The past few months have been a mixture of a strange and interesting ride, as I am sure it has been for most of you.
Thankfully, a lot of it has been on the positive side for my business. I’ve had plenty of time to complete tasks that I had pending in my studio. I’ve been able to carry out more research and development and as a result there are new products in my store such as the natural deodorant salve which many of my customers have been asking for. I’m currently also developing a natural deodorant spray because that is primarily what my husband would prefer. It is for customers who are not too keen about a paste and seeking the convenience of the spraying action.
Along with the development of a new product comes the equally important issue of packaging. Should I opt for glass, metal or plastic? The answers are often not straightforward. My aim from the very beginning was to cut out plastic packaging. While I have been largely successful in doing this, I am faced with another problem in this age of the pandemic.
There has been a shortage of containers and other packaging that I rely on. The material of choice for most of my skincare products has been metal. But this type as well as most glass packaging are not made in this country. My regular packaging supplier relies on imports mainly from China.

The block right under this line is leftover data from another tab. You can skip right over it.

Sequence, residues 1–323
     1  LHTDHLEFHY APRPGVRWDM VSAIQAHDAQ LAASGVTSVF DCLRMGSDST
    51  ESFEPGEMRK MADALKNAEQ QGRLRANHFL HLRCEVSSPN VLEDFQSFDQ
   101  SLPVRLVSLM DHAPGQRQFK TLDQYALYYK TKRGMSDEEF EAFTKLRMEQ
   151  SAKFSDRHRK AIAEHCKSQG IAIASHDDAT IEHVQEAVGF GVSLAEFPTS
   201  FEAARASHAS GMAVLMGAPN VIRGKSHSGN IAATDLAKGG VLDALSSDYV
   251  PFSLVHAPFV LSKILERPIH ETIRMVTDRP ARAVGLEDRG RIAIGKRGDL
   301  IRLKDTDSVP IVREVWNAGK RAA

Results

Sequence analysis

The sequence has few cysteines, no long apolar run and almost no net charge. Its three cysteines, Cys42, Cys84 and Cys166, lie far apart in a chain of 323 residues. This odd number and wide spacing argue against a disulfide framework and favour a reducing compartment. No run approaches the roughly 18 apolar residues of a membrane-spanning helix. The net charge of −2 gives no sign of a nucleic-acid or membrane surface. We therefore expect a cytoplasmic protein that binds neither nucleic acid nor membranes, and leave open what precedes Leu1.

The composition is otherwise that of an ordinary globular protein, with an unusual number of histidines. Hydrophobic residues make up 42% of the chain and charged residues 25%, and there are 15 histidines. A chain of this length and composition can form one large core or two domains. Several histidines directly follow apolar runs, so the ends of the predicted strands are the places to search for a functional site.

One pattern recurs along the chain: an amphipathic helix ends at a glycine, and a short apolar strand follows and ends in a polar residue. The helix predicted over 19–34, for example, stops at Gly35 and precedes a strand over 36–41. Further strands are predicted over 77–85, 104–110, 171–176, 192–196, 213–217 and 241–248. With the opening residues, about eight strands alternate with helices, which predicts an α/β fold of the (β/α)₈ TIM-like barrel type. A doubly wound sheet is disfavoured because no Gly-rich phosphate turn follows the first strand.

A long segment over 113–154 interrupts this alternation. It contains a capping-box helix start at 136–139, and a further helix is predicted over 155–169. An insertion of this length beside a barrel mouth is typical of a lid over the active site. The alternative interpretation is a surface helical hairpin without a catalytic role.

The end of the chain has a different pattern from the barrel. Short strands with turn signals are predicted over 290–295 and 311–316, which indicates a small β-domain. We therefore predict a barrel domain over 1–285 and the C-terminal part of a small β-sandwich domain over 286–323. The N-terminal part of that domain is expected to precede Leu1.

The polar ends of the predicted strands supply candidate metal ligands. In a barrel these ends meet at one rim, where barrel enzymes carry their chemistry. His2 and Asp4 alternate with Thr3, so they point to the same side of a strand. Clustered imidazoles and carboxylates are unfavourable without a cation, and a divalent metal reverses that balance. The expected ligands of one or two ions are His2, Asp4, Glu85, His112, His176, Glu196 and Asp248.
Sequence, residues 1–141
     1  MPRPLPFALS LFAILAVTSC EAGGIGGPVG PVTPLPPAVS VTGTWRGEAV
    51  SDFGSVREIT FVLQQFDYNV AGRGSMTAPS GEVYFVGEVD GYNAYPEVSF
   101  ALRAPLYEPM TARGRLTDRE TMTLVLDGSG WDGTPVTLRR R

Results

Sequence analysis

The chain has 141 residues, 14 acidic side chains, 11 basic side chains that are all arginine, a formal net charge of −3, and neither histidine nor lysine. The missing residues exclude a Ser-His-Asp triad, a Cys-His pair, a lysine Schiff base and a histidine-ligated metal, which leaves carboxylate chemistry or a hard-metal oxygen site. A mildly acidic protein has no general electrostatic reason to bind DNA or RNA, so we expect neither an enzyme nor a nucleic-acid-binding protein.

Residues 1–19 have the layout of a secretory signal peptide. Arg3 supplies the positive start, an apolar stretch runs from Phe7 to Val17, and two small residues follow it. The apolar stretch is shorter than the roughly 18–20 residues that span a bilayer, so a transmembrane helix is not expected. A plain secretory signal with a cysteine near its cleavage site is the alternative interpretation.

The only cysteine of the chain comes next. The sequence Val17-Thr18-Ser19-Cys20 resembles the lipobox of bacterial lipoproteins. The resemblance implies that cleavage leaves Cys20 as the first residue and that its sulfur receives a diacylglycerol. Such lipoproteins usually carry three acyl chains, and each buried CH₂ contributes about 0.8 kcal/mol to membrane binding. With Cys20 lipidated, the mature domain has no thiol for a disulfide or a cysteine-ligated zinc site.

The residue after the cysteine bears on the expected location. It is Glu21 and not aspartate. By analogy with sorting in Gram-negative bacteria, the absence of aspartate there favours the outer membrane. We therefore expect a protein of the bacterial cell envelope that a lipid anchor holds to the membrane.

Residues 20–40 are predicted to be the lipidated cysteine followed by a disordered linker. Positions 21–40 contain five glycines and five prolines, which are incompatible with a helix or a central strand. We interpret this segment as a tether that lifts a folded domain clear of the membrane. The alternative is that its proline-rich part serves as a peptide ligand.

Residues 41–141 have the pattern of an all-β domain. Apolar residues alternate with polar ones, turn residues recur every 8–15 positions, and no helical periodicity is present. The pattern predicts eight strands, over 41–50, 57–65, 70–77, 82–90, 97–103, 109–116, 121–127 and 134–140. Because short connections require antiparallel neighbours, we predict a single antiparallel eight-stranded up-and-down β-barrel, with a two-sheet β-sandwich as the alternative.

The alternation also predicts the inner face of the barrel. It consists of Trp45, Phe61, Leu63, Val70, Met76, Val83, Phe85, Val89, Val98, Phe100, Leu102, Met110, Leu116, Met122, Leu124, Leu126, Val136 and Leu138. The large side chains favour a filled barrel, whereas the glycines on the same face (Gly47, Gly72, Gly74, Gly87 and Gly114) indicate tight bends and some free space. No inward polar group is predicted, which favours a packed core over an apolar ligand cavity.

The reality of the dearth of manufacturing in Australia in items relating to packaging has hit home. The monopoly and dependence on one country beyond Australia for most of the products sold here is becoming more and more evident.
This issue is not a simple one. It involves big politics, macro-economics and a host of other factors that I am not entirely clear about. But at the ground level, for a small business like mine I am beginning to understand this. I am subject to the lack of Australian made jars and containers because most of the manufacturing has been outsourced to distant lands for maximum profit.
The major thrust of my business being more about localisation, I am beginning to seen more and more the downside of globalisation. I don’t deny that there have been fantastic benefits of open trade but I am questioning the sustainability of this approach.
My attention has now been drawn to the search of Australian manufacturers. This is easier for raw products and items on the handcrafted and artisanal level but much more difficult for other industries.
I believe lessons are being learned and there is a drive to bring back local manufacturing. My aim is to continue to tap into this movement in small but steady steps.